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Goldstein Problemby SeReNiTy
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#1
Sep1206, 01:05 AM

P: 171

Can someone point me in the right direction with the derivation number 2 from Chapter 2 (3rd edition) of Goldstein?



#2
Sep1206, 04:45 AM

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PF Gold
P: 4,980

Not everybody has the book unfortunately, but if you tell us what derivation it is then perhaps we can help.



#3
Sep1206, 06:06 AM

P: 171

The derivation is if the lagrangian contained velocity terms, derive what the conjugate momentum will be if the system is rotated by a angle in some direction.



#4
Sep1206, 11:17 AM

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P: 3,220

Goldstein Problem
I've got Goldstein, and I'm lost on that one too. (As on most of them, btw. )



#5
Sep1206, 08:41 PM

P: 171

How would you define a potential with velocity dependent terms?



#6
Sep1306, 07:23 AM

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PF Gold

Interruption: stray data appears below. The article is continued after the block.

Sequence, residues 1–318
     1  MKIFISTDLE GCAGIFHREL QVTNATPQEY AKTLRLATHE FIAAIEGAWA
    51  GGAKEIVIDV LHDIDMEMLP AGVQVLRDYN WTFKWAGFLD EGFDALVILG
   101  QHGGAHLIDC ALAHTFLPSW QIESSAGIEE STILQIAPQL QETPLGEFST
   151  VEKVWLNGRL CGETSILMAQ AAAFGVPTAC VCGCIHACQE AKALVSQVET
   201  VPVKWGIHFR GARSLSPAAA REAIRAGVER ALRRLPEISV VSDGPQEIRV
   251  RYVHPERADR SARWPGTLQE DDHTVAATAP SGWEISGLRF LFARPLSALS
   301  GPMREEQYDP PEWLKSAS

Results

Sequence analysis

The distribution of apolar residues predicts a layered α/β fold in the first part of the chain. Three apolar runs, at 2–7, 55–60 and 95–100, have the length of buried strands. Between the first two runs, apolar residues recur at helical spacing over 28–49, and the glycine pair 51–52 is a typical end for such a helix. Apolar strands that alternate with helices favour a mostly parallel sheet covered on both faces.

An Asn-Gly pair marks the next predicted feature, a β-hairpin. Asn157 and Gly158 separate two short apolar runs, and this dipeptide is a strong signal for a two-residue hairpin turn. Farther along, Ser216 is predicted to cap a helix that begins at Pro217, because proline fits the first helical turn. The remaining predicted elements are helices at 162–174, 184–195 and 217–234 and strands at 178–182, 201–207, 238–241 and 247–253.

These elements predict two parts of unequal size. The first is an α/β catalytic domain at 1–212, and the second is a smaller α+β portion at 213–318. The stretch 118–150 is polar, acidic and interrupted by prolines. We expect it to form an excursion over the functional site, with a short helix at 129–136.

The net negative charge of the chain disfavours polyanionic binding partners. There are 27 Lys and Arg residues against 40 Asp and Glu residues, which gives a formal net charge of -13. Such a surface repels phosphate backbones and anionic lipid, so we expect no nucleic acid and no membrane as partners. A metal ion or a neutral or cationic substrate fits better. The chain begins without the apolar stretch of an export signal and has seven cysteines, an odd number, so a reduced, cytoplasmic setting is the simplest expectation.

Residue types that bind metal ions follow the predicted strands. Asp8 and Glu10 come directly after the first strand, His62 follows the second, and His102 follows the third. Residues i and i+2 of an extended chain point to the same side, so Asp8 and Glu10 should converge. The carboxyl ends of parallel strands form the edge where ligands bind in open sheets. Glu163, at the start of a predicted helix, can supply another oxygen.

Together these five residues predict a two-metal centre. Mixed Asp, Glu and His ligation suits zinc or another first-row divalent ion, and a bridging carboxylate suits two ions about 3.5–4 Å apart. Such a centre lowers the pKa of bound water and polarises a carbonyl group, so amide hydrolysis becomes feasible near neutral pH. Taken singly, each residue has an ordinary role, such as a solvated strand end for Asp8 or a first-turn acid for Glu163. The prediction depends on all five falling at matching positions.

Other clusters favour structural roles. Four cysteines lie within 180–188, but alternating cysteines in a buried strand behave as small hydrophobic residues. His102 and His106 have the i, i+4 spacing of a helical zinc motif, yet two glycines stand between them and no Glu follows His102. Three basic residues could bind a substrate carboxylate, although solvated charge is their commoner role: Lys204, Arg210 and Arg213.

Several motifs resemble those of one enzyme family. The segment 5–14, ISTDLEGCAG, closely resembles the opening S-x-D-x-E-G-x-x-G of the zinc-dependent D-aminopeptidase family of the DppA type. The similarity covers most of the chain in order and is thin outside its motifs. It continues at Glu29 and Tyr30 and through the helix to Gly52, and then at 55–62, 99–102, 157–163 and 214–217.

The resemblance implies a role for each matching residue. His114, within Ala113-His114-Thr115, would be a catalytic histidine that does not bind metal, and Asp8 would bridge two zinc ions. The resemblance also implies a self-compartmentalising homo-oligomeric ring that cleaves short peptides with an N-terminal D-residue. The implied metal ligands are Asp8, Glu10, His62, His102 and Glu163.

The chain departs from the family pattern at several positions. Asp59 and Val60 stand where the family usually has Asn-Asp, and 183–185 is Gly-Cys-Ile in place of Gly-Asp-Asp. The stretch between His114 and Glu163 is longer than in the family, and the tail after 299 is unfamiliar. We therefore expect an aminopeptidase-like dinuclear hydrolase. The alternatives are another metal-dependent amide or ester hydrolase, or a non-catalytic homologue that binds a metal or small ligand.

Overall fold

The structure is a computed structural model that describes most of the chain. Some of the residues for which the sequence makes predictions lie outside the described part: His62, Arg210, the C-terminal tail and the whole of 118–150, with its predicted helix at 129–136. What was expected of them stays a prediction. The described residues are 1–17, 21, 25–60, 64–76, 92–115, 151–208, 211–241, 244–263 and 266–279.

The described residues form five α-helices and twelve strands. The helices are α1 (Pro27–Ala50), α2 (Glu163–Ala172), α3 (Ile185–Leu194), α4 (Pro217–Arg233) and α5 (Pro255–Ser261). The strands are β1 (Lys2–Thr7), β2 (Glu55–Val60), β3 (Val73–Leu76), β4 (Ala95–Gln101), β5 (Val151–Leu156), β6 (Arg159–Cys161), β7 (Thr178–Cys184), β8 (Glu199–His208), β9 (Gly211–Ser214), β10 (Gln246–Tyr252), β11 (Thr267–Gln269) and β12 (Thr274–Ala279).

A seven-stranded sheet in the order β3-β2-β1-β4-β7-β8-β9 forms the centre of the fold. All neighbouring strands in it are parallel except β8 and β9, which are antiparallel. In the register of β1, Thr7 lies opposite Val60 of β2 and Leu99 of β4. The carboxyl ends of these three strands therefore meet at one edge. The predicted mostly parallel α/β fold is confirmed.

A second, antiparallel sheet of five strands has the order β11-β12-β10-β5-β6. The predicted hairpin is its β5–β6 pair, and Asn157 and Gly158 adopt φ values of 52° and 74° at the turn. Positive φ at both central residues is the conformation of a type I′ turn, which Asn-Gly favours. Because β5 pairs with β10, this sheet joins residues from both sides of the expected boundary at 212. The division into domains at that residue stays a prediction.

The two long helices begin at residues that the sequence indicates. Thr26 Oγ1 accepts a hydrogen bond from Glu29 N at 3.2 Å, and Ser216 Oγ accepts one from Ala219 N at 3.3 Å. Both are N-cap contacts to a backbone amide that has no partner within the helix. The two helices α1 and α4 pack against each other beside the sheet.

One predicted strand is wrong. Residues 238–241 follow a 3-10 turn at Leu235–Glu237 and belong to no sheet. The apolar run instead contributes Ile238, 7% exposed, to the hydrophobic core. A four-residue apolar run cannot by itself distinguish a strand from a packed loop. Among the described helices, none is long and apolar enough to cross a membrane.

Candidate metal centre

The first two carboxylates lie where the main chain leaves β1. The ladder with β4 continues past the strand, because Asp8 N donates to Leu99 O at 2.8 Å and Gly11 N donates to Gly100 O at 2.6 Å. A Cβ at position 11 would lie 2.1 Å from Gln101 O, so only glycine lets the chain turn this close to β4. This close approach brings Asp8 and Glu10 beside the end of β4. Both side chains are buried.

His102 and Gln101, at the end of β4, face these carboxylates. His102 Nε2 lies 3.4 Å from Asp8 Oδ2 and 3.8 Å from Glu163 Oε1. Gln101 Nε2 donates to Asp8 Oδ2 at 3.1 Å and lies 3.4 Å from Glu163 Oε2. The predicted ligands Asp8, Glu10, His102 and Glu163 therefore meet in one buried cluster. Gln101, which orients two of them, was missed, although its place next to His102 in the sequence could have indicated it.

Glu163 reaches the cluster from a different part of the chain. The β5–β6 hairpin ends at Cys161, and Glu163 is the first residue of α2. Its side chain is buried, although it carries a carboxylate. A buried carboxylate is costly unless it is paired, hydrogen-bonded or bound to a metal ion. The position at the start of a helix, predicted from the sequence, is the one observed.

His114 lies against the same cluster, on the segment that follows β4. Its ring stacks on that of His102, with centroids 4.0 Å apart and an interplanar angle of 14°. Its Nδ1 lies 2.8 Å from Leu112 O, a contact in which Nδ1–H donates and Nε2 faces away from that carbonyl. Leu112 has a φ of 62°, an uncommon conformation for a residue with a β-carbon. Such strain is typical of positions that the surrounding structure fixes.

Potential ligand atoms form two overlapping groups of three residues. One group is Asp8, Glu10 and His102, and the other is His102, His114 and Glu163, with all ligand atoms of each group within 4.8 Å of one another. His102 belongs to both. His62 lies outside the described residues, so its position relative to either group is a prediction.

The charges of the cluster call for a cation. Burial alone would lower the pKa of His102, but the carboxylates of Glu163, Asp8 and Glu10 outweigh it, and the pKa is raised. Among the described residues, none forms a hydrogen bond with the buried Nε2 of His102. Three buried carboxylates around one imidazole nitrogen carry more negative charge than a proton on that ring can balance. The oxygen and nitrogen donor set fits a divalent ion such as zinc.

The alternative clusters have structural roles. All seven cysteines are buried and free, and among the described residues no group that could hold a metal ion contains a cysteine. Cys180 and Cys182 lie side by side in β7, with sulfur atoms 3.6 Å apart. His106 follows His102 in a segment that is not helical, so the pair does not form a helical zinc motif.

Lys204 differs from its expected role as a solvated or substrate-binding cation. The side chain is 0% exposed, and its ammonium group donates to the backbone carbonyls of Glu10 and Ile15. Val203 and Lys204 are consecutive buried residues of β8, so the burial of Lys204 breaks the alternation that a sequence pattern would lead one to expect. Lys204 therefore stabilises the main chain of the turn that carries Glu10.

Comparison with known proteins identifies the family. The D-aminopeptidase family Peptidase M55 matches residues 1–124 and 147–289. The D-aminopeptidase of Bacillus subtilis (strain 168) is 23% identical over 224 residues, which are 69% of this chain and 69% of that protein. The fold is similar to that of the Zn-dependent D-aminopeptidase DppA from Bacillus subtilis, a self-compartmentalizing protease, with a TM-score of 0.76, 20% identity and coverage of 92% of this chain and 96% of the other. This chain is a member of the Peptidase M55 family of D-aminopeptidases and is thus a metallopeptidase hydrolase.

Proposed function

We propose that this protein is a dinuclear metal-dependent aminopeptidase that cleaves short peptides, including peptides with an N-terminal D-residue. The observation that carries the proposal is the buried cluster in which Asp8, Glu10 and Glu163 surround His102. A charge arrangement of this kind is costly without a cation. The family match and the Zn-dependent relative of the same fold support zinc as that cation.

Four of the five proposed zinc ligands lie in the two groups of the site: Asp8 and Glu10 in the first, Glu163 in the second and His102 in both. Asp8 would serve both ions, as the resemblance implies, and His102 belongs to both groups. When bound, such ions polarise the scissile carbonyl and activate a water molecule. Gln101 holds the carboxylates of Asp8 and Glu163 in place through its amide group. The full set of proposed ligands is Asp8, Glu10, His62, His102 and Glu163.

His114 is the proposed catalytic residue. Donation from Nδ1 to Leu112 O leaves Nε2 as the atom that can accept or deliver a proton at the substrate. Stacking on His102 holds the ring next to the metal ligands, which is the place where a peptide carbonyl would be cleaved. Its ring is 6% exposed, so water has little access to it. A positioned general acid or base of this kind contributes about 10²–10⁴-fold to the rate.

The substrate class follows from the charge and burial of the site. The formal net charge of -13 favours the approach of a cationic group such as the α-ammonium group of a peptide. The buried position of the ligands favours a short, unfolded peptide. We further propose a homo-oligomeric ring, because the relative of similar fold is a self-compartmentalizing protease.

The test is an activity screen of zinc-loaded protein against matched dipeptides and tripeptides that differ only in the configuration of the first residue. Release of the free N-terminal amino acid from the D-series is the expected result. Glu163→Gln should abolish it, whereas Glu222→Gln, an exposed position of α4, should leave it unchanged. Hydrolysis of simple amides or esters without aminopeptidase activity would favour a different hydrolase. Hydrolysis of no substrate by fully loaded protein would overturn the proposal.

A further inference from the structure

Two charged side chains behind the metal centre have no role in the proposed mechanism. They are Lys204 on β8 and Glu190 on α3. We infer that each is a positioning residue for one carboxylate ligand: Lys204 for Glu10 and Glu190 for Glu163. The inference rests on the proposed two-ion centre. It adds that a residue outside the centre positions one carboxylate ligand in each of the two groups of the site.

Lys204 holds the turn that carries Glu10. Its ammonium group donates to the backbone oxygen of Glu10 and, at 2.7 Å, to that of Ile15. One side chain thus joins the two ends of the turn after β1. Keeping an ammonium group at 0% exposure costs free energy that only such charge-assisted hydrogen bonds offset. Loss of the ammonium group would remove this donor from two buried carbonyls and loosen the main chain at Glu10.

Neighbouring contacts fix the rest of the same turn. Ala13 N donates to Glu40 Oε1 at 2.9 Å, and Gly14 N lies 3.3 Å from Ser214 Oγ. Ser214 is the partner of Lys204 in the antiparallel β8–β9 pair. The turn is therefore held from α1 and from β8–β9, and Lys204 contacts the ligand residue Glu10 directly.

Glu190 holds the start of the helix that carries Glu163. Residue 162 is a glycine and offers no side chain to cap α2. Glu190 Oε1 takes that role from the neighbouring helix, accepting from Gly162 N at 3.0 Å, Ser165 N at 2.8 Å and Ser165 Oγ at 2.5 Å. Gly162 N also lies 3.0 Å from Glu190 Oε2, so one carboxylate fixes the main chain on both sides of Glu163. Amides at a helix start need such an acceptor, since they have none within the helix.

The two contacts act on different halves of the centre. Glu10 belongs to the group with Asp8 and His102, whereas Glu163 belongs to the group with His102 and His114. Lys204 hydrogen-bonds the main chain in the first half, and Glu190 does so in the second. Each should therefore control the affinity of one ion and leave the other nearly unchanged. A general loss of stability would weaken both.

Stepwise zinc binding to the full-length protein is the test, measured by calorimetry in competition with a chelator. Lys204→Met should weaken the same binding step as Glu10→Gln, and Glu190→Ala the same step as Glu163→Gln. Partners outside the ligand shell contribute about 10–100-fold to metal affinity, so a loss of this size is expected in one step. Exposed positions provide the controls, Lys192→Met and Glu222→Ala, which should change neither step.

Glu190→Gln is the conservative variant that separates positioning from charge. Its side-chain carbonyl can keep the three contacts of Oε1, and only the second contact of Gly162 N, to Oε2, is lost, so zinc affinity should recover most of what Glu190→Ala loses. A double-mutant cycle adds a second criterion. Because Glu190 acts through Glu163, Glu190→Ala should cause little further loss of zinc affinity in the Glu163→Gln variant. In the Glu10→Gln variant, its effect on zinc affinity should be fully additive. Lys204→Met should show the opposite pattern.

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[tex] L=TV = \frac{1}{2} m (\dot{x}+\dot{y}+\dot{z})  V(x,y,z) [/tex] In cartesian coordinates. The conjugate momentum for a particular coordinate is given by: [tex] \frac{\partial L}{\partial \dot{x}}= p_x[/tex] Now if the system was rotated by a particular angle how would you then modify the original expression to deal with a rotation. If you consider the x,y,z coordinates to be a vector [tex]\mathbf{r}[/tex] rotated about any arbitrary unit vector [tex]\mathbf{\hat{a}}[/tex] by a small angle [tex]\theta[/tex]. Now all you have to do is findout how the x,y,z coordinates are related to [tex]\mathbf{\hat{a}}[/tex] through vector [tex]\mathbf{r}[/tex] and plug them into the lagrangian and see what the turn up. In some books they set [tex]\mathbf{\hat{a}}[/tex] parallel to the zaxis for ease of computation and normally call it [tex]\mathbf{\hat{k}}[/tex] instead. Like I say I don't have the textbook but I assume this is something to do with conservation of angular momentum? Need any more pointers just post. 


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